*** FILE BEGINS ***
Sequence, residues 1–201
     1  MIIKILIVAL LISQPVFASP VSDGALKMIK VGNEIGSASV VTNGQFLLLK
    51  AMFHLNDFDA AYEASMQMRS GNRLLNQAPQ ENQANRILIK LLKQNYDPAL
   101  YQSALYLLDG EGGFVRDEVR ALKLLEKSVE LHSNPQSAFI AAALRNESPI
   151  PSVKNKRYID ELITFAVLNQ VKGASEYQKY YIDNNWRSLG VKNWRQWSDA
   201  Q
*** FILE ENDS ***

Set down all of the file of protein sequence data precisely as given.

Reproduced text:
Sequence, residues 1–201
     1  MIIKILIVAL LISQPVFASP VSDGALKMIK VGNEIGSASV VTNGQFLLLK
    51  AMFHLNDFDA AYEASMQMRS GNRLLNQAPQ ENQANRILIK LLKQNYDPAL
   101  YQSALYLLDG EGGFVRDEVR ALKLLEKSVE LHSNPQSAFI AAALRNESPI
   151  PSVKNKRYID ELITFAVLNQ VKGASEYQKY YIDNNWRSLG VKNWRQWSDA
   201  Q